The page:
The Calgary Flames are walking away from arena negotiations with the City of Calgary, according to Ken King’s announcement. King was vague on details about what the sticking points were in the negotiations, and evasive about how much the Flames were putting up.
The Globe and Mail’s Al Maki and Carrie Tait – both respected reporters who would likely be in a position to have sources in the know – have unearthed details about the reported last offer from the City.
Calgary offered to pay for one-third of the arena, in equal instalments over a number of years, according to a source. The money would have to be paid back. The ownership group, according to this proposal, would cover another third of the total cost and surcharge on tickets would pay for the remaining third, the source said.
The Flames organization rejected the offer, the source said.
Let’s say that the building was going to cost $500 million just as a ballpark figure. Under this scheme, the City would loan the Flames $167 million, the Flames would front $167 million more, with the remaining $167 million coming from a ticket tax. For reference, the original proposal for CalgaryNEXT had a cost estimate of $890 million, with the Flames fronting $200 million, the city $200 million, the ticket tax $250 million and a Community Revitalization Levy $240 million.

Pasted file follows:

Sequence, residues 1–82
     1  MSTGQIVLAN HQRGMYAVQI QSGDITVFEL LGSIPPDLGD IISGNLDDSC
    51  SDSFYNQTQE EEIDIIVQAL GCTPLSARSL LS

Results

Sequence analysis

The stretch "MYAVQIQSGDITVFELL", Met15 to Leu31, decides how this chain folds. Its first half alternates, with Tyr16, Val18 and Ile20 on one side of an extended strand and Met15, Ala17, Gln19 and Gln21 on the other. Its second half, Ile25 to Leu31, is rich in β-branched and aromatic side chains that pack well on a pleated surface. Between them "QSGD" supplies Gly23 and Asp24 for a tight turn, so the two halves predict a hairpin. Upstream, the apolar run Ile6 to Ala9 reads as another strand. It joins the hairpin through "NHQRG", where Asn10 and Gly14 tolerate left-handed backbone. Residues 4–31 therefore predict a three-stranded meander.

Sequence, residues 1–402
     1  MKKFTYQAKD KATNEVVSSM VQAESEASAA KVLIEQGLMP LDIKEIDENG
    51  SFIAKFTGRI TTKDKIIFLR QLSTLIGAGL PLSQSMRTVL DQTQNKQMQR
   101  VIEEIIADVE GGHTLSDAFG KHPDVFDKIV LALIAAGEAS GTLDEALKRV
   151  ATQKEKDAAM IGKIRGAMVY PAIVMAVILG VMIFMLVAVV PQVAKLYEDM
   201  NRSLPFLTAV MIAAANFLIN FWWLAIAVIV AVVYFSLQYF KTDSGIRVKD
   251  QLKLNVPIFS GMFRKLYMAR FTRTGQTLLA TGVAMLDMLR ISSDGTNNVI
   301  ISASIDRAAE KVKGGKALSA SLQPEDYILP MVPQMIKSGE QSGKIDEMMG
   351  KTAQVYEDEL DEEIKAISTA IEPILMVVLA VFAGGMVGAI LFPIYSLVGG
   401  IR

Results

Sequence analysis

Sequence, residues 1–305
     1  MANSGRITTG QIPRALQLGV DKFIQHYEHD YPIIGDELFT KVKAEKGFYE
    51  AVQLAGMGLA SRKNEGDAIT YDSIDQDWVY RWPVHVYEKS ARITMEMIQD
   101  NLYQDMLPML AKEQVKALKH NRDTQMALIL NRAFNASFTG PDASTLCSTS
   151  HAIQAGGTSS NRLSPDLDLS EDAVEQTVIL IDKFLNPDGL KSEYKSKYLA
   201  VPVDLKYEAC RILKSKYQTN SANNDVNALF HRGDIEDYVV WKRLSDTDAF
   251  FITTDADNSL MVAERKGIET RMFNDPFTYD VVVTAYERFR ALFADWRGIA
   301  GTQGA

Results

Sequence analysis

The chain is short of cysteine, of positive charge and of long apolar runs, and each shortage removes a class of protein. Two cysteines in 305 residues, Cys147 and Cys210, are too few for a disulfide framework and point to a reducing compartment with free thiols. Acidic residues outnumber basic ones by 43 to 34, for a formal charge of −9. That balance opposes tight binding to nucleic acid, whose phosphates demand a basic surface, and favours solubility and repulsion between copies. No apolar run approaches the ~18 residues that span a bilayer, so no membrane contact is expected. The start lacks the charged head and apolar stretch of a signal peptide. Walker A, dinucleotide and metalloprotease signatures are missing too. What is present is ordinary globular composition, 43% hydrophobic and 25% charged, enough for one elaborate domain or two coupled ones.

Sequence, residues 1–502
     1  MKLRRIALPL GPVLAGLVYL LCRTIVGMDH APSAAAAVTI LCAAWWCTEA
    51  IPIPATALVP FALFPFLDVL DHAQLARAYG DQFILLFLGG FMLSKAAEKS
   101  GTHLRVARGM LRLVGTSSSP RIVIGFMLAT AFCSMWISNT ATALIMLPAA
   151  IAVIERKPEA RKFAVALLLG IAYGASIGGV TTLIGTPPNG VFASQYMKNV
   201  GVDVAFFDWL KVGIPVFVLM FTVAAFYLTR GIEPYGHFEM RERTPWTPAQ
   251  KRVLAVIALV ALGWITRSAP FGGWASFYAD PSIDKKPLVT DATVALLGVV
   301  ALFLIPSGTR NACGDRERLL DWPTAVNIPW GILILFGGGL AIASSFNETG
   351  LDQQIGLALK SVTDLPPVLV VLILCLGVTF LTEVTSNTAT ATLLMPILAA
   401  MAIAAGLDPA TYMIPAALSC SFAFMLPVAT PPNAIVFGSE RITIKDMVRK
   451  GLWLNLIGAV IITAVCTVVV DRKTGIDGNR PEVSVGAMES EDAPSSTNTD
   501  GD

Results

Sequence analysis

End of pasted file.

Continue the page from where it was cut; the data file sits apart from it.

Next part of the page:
If this reported scenario is close to accurate – and it’s an anonymously sourced report, so take it with a grain of salt – then the Flames would be putting up more money up front (for “just” a building for the Flames) and having to pay back the city’s contribution.
From the City’s perspective, straight-up giving the Flames money for an arena seems like a very hard sell given the current economic situation – and the various funding priorities the local government has – and even loaning the Flames more money would be a tough thing to justify ($200 million sounds like a lot of money, even if it’s a loan).
The Globe report probably isn’t 100% accurate, but at the very least it can probably provide a rationale as to why the meetings between the Flames and municipal leaders have been as unproductive as King claims they’ve been.